When it comes to this popular (ethical) hacking practice, what exactly is social engineering and how does it work?
Recently, the CEO of a British company transferred $243,000 over to a Hungarian supplier, after being asked to do so by the parent company CEO. This is a fairly common scenario in business. Unfortunately, the parent company CEO was not who they seemed to be. The British CEO had been scammed by a Deepfake, a fraud that is clever and subtle and uses artificial intelligence to scam people.
Deepfakes and similar modern scams all use the same principles of social engineering to exact their malicious ends.
According to TechTarget, “social engineering is an attack vector that relies heavily on human interaction and often involves manipulating people into breaking normal security procedures and best practices in order to gain access to systems, networks or physical locations, or for financial gain”.
⇒Indeed, social engineering is nothing new.
The use of psychological controls to trick a person into doing something is as old as human society. An early recorded example of fraud was in 300BC in Greece. Hegestratos bought insurance for his merchant ship to purposely sink it. The story didn't end well, with the scam being outed and Hegestratos drowning himself.
The modern version of social engineering is often centered on financial fraud, identity theft and general theft of data.
⇒Modern social engineering uses a toolbox of tricks.
These tricks use our own natural human behavior to encourage us to do something, for example clicking on a link in a phishing email or move a large amount of money to a fraudster’s bank account. Modern social engineering is often a mix of human interaction and technology.
⇒Social engineering is a highly successful form of cyber-attack.
Often times, it is much easier to trick someone into doing something they would naturally do than to hack an account from the outside. In other words, if a cybercriminal wants to steal a password, it is much easier to get the password holder to share it than to hack into an account.
In ethical hacking, social engineering has become a popular (and very effective) strategy of testing how vulnerable an organization’s staff really is.
When used in an ethical way, social engineering allows you to detect weaknesses to better address your staff-related security issues. An additional objective of a social engineering mandate is to establish solutions to increase the global level of the confidentiality, integrity and availability of your corporate data.
Social engineering works because it uses our own natural behavior against us. Examples can help to point out the tricks of the social engineering trade.
The recipient receives an email, seemingly from their bank. However, this is a phishing email attempting to steal login credentials and other personal data. The fraudster behind the phishing email exploits certain human behavior to ensure that their scam works:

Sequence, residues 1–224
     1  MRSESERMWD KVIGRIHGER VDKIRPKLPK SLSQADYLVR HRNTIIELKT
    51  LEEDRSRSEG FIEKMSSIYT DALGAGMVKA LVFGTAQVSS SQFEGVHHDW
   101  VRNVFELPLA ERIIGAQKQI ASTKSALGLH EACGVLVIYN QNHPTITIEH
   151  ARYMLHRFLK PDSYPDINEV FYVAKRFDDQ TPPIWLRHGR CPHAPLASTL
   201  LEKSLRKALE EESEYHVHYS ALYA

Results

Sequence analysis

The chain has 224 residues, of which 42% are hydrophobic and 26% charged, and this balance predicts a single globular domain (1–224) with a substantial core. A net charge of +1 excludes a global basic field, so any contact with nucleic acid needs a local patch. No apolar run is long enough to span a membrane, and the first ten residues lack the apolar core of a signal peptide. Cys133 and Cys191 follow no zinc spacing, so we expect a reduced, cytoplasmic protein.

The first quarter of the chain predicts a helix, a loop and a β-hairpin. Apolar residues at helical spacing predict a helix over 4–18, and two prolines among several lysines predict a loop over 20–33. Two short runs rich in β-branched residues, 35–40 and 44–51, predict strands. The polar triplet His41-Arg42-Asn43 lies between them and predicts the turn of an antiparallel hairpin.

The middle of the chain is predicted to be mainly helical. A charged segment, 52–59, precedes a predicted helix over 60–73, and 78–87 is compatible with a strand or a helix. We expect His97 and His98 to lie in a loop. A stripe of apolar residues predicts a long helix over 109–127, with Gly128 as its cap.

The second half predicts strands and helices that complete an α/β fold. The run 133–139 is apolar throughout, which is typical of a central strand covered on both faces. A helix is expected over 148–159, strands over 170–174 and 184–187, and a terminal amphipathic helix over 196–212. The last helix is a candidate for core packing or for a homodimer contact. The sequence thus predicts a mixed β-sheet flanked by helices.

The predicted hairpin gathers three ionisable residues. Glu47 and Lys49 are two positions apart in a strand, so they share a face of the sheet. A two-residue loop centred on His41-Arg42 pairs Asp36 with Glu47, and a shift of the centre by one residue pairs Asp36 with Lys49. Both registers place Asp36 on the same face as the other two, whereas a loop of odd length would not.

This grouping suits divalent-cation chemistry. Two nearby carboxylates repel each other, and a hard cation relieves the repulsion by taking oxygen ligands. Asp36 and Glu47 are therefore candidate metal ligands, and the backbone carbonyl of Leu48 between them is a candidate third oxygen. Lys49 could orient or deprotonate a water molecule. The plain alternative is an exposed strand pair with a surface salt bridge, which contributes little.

Related Post: Tips For Protecting Yourself From Phishing Attacks
The story at the beginning of this article is a perfect example of the use of technology to augment social engineering. Deepfakes use the same psychological tricks as other fraud but add artificial intelligence into the mix.
The CEO in the Deepfake scam was tricked through a phone call. The caller seemed to be his boss, but it was a manipulation of the fraudsters voice using AI. It sounded in every way like the expected voice and so it tricked the CEO to transfer money. Again, it used trust and urgency to exert an outcome in the fraudster’s favor.
Here are some typical steps that a fraudster will take to steal your personal data, login credentials, money or all of these things.
Fraudsters often carry out surveillance on an individual and/or an organization. This can come in many forms, even calling employees and building up a relationship – effectively grooming an individual. The intelligence gathered is used to make the scam successful.
Psychological tricks are the way that social engineering works.
The execution of the scam takes many forms. In the case of Business Email Compromise (BEC), this may be a direct transfer of money to a fraudster’s bank account; in the case of a phishing email it may be the collection of login credentials using a spoof website.
Social engineering is a very successful way to exploit human behavior and execute a cyber-attack. Recent statistics show just how successful it is as a technique:
Social engineering and confidence tricks are part of human society since days of old. The tricks may have been updated using technology to augment the scam, but the sentiment remains the same: manipulating natural human behavior is easier than forcing your way in.
The modern enterprise has to counter this clever use of our own behavior through the use of smart security. The best ways to fight-back against the likes of phishing, BEC scams, and Deepfakes is to use a similar mix of socio-technical measures. This includes using security awareness training and applying robust security measures such as two-factor authentication and antimalware endpoint solutions. It also requires that a business becomes cybersecurity aware and improves its security posture by putting the necessary checks and balances in place, such as having a business process to double-check when a large money transfer is requested. Using these measures can stop social engineering in its tracks.